Photo Credit: Screenshot

When Hitler Stole Pink Rabbit is the first children’s book in the trilogy Out of the Hitler Time by Judith Kerr (1923 – 2019), a German-born British writer and illustrator whose books sold more than 10 million copies around the world. Kerr was the daughter of Alfred Kerr, an influential German theater critic and essayist of Jewish descent, who was forced to flee Germany in 1933, to avoid being arrested for his unabashed criticism of the Nazis party.

When Hitler Stole Pink Rabbit was published in 1971, followed by Bombs on Aunt Dainty in 1975, and A Small Person Far Away in 1978. All three were presented by the author as adult books for children.

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When Hitler Stole Pink Rabbit had its world premiere in Berlin on Sunday, and will be released throughout Germany on December 26, Deutsche Welle reported. The film was directed by Caroline Link, who directed the Oscar-winning film, Nowhere in Africa (2001).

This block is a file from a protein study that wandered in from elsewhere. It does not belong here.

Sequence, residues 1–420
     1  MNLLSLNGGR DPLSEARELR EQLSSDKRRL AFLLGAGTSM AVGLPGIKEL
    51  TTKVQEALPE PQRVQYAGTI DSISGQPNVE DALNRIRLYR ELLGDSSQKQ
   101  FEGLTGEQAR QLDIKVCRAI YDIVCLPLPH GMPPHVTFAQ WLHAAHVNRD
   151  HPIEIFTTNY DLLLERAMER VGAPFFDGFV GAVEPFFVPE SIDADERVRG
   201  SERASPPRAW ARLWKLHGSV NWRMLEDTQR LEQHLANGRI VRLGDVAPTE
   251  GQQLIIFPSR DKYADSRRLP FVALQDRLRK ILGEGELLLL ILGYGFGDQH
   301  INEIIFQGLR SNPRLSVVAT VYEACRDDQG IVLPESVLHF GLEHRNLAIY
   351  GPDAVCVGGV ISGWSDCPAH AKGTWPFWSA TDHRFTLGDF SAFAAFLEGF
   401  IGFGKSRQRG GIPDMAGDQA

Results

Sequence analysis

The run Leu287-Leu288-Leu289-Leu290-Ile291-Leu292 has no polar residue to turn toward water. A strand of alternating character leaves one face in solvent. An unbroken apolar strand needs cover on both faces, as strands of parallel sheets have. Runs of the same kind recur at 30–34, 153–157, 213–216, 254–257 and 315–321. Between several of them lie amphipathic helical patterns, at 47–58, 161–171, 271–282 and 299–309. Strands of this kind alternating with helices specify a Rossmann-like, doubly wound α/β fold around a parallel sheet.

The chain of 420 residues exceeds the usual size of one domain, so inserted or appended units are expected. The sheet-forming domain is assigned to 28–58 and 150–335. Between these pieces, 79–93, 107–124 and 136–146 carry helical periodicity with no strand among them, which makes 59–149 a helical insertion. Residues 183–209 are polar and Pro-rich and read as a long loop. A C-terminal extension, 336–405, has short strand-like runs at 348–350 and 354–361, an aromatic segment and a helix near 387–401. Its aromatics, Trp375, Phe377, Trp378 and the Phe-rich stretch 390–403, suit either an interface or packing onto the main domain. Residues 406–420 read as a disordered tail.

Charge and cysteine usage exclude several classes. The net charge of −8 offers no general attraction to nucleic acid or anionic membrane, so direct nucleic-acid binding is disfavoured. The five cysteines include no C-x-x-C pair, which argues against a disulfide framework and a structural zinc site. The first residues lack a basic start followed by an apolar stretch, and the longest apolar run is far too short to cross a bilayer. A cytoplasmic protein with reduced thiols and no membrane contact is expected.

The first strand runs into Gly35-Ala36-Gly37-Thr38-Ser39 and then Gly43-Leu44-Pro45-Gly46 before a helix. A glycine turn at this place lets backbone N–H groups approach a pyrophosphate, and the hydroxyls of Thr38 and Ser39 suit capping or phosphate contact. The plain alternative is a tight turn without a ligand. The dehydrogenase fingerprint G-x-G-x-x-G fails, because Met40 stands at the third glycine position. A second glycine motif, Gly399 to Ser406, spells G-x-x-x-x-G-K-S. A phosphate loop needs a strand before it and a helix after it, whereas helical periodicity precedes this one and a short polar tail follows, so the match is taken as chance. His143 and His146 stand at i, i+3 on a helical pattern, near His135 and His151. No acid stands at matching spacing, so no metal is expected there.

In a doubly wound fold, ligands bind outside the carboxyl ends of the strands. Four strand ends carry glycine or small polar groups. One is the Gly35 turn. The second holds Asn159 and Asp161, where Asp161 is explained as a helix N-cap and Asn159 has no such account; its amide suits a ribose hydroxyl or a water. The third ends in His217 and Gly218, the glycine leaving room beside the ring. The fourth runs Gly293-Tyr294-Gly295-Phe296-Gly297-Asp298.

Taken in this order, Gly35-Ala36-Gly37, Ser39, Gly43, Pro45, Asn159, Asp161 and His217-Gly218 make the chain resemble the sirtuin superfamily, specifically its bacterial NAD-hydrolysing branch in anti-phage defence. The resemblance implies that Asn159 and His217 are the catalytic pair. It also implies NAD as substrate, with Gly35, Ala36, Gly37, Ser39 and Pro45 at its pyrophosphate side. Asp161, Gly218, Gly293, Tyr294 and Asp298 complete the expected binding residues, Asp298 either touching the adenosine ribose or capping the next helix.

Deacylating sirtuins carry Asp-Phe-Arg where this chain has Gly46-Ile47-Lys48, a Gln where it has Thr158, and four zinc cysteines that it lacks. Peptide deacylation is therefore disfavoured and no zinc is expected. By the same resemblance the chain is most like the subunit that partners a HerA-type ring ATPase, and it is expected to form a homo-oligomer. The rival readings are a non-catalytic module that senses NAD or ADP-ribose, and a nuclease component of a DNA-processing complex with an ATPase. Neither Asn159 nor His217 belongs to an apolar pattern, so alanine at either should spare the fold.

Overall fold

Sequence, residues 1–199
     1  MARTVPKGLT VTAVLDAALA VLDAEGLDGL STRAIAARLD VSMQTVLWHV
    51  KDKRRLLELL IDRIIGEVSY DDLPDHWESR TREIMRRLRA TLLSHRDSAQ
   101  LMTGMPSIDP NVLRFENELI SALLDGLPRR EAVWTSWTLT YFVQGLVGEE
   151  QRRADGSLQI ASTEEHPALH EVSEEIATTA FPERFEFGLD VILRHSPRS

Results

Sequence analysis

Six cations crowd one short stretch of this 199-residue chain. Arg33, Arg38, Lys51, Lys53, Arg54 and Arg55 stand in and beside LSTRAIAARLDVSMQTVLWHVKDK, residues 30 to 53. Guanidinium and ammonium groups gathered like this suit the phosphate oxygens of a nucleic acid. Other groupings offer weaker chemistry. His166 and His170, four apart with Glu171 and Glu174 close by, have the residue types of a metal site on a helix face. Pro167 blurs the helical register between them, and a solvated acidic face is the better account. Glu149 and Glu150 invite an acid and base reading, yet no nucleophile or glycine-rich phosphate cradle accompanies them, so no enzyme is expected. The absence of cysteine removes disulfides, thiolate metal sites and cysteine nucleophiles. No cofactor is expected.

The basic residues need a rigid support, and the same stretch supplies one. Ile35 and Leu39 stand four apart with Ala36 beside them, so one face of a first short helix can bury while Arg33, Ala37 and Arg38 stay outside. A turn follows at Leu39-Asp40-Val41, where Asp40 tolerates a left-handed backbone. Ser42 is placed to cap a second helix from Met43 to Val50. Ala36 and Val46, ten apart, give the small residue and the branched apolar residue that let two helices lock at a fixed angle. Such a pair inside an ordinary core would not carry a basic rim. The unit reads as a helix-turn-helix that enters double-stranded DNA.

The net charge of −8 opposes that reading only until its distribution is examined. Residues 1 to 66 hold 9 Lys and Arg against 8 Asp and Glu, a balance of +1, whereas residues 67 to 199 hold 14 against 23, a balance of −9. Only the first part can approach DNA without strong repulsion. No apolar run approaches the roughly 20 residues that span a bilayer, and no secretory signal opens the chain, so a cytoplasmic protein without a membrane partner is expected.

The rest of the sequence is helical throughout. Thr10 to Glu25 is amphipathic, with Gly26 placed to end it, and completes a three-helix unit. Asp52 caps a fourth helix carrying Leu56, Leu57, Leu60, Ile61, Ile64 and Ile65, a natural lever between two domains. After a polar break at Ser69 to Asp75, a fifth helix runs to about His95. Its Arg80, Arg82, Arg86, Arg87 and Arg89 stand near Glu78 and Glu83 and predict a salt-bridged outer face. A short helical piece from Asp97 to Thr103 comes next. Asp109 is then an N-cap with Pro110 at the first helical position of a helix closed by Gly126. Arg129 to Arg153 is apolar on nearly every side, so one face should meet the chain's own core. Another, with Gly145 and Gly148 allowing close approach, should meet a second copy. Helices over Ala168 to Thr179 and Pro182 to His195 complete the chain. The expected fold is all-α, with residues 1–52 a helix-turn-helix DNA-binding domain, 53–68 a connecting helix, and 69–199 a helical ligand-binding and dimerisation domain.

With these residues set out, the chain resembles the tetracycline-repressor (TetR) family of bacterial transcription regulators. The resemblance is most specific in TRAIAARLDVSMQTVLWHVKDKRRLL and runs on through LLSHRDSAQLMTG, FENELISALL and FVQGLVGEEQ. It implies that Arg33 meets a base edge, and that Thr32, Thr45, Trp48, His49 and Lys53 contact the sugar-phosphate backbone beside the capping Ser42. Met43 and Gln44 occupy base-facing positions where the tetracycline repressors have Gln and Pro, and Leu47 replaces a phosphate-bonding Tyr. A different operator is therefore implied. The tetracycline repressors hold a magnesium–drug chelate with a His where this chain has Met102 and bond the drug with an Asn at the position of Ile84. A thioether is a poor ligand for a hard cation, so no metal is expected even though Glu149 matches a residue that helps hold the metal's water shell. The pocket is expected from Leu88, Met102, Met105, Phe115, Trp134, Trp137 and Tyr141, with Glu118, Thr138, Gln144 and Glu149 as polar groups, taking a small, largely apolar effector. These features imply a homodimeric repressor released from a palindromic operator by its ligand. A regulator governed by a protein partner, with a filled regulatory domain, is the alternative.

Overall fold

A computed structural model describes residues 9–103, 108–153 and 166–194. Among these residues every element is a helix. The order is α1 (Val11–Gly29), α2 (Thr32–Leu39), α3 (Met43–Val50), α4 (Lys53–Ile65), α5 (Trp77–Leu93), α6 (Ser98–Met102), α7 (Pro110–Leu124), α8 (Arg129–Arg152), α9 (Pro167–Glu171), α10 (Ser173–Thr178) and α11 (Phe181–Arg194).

When Hitler Stole Pink Rabbit starts in Berlin, in March 1933, when nine-year-old Anna, the main character in the trilogy, finds out one morning that her father is missing. She and her brother, Max, discover that Papa expects Adolf Hitler to win the elections, and so has fled to Prague.

Because the family is of Jewish origin, and Papa is also a well-known critic of the Nazis, should Hitler win the elections, Mama, Max and Anna are instructed to join Papa in Switzerland. If Hitler loses, Papa would come back home to Berlin.

Eventually, the parents decide not to wait until after the elections and Mama and the children rush to Switzerland in secrecy. Anna has to choose which toy to take with her. She decides on her new woolly dog, and leave behind her pink rabbit. And this is how Hitler stole her toy.

Caroline Link said in a Deutsche Welle interview: “I thought long and hard about whether I wanted to make another film after Nowhere in Africa that was about a Jewish family that survives the World War II in exile and sees what happens at home from a foreign place. What finally convinced me was that the story is told entirely from the perspective of 9-year-old Anna, who finds life as a refugee as not just terrible, but as a great adventure. Like the book, the film is an attempt to bring children and young adults closer to the Nazi era without shocking them with too much of the horrors. Nevertheless, we speak of the pain a person feels when they have to leave their homeland overnight.”

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